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Saturday, December 16, 2006

More on the California lethal injection case

Further to my post from the wee-small-hours last night about the decision of U.S. District Judge Fogel in the California lethal injection case: The promised post from Patterico analyzing the decision is here, and here, from yesterday, is Prof. Kerr's briefer post as well. And readers have left interesting comments on both posts.

Patterico read the opinion with a commendably closer eye to its procedural nuances than I did. I think he's absolutely right that Judge Fogel did, in effect, shift the burden onto California to prove that its execution procedures are constitutional, and that he drew impermissible inferences from the absence of certain evidence to suggest what that evidence might have been (always in a way that favored the opponents of California's system). The overall impression, when studied with more care than I gave the opinion on my first pass-through, is that Judge Fogel was in a rush to push certain changes to be made in the system — he thinks he'd make a pretty good prison reformer, which is fine, but he also thinks he is one, which isn't. He's a federal judge in a constitutional system in which the federal government's powers, including the federal judiciary's powers, are supposed to be limited. But he wouldn't let either procedural niceties (like who had the burden of proof) nor substantive law (like whether something does or doesn't violate the Eighth Amendment) get in the way of his result.

Patterico also had one strong reaction to the opinion that didn't strike me on my first pass. He's critical of the opinion for being written with an eye to being quoted in the media, basically on grounds that federal judges have no business making their opinions into a bully pulpit for anything. My initial reaction, by contrast, was that Judge Fogel could have made his critique of the California system, thus probably prompting reactive changes by the California prison administrators or legislature, without needing to go so far as holding that his criticisms were constitutional violations.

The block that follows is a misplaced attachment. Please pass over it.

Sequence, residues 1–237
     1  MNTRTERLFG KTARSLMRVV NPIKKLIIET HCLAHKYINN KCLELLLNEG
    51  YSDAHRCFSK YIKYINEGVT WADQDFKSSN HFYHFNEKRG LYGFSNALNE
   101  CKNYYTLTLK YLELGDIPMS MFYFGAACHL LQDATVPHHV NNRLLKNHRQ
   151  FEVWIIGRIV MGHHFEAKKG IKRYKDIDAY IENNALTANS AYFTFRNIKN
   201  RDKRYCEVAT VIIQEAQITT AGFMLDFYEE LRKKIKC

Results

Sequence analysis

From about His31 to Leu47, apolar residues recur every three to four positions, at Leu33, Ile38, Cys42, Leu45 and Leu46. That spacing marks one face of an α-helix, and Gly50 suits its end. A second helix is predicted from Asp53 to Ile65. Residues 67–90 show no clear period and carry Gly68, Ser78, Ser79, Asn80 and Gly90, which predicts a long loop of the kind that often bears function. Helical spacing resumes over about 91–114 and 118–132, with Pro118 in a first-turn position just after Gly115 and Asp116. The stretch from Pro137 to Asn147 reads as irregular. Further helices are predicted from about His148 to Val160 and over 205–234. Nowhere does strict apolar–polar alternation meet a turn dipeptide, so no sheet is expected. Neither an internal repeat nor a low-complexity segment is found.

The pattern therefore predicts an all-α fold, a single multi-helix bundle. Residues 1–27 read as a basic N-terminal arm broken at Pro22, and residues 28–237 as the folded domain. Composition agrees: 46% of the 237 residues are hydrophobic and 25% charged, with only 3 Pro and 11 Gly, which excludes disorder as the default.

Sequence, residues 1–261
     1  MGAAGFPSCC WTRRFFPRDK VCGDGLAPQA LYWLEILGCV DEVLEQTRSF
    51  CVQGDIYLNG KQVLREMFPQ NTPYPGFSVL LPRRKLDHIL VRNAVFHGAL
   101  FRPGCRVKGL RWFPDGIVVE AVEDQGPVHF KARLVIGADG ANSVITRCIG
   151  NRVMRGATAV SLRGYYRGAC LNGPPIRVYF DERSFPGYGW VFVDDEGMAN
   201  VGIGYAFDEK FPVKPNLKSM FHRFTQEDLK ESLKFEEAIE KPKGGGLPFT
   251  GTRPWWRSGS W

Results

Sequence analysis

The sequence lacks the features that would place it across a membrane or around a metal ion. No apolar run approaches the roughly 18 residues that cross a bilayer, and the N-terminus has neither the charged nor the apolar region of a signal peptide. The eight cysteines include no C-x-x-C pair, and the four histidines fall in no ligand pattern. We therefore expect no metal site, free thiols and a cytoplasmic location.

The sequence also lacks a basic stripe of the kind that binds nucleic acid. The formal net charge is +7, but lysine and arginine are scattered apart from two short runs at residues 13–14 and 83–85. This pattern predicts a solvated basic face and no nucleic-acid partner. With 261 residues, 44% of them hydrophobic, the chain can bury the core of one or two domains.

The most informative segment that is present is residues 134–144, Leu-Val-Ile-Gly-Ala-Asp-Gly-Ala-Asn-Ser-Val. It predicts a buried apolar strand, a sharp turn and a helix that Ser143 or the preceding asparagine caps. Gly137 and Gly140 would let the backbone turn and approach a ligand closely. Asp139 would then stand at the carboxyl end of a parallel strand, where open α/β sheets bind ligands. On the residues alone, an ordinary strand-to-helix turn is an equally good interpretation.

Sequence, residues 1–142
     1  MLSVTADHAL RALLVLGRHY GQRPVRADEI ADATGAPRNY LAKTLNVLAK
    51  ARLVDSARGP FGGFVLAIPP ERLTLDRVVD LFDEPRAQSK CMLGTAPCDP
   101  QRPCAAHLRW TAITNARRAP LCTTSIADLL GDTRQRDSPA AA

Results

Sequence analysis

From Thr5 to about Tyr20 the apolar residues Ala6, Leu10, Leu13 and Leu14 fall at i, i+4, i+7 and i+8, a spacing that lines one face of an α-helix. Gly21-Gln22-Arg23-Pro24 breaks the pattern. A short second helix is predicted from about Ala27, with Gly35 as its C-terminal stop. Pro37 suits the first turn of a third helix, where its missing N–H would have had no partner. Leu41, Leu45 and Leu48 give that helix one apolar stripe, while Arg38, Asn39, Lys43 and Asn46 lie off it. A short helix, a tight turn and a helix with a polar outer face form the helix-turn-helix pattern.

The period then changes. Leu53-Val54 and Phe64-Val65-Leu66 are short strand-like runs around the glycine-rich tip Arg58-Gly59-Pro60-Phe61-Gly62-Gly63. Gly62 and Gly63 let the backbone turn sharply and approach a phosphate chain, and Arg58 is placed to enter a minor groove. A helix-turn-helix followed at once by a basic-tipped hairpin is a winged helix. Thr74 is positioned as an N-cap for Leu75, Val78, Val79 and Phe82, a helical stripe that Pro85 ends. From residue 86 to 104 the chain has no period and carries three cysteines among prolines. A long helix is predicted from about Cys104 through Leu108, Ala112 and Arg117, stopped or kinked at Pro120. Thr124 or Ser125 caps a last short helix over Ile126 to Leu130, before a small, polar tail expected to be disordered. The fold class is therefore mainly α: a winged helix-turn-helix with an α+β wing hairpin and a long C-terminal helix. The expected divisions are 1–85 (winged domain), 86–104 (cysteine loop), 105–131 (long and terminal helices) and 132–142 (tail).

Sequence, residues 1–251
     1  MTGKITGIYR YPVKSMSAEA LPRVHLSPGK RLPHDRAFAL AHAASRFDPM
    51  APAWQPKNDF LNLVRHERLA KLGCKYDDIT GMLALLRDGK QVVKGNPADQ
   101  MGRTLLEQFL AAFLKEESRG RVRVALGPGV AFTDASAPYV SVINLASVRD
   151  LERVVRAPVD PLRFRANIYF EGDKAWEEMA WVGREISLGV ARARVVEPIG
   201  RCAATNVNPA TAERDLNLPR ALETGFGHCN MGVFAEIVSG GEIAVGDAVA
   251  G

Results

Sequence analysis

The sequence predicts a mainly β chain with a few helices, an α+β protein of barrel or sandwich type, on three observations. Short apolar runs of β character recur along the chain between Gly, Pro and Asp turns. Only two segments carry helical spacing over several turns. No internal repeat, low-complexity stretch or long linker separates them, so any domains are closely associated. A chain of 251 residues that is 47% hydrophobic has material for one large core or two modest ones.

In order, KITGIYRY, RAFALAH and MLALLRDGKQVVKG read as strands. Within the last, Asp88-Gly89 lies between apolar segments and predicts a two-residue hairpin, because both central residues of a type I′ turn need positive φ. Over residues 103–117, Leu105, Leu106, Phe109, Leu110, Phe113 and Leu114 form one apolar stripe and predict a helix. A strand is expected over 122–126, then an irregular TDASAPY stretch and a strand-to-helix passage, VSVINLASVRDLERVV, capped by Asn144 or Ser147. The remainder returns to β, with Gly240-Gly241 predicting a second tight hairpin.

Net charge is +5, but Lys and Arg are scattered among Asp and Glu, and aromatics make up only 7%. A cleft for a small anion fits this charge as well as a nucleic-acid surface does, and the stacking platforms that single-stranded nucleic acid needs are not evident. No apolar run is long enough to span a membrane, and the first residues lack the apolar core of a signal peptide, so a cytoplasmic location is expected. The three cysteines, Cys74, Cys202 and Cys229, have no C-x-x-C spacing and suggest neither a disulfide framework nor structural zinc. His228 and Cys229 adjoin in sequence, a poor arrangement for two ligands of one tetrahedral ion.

I suppose that I'm jaded, because on reflection, Patterico's clearly right: Opinions ought to be written to explain rulings to the litigants and to reviewing appellate courts, not as press releases or think-tank-like "white papers." I guess I'd already given up on that idealistic point of view, even if it's an ideal worth fighting to maintain, simply because I've seen so many other federal judges (and not all of them on the liberal political side) whose legal opinions have smacked more of punditry than of law.

And the fundamental problem with this ruling and this opinion is indeed that Judge Fogel has undertaken the roles of pundit, commentator, social worker, and prison administrator. Whether he's good or not in those roles isn't the point. And when he tries to undertake them, he trivializes, and worse, he fails to perform in, his real job — applying and defending the Constitution.

Posted by Beldar at 11:12 PM in Law (2006 & earlier) | Permalink


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Tracked on Dec 17, 2006 12:13:04 PM


(1) DRJ made the following comment | Dec 17, 2006 12:49:27 AM | Permalink

From afar, Judge Fogel sounds like Judge William Wayne Justice.

(2) Mark L made the following comment | Dec 17, 2006 8:24:11 AM | Permalink

Only one cure for that type of judicial activism -- impeachement. Even if you do not convict, he has to answer the charges. As the old saying goes, "You can beat the rap, but you cannot beat the ride."

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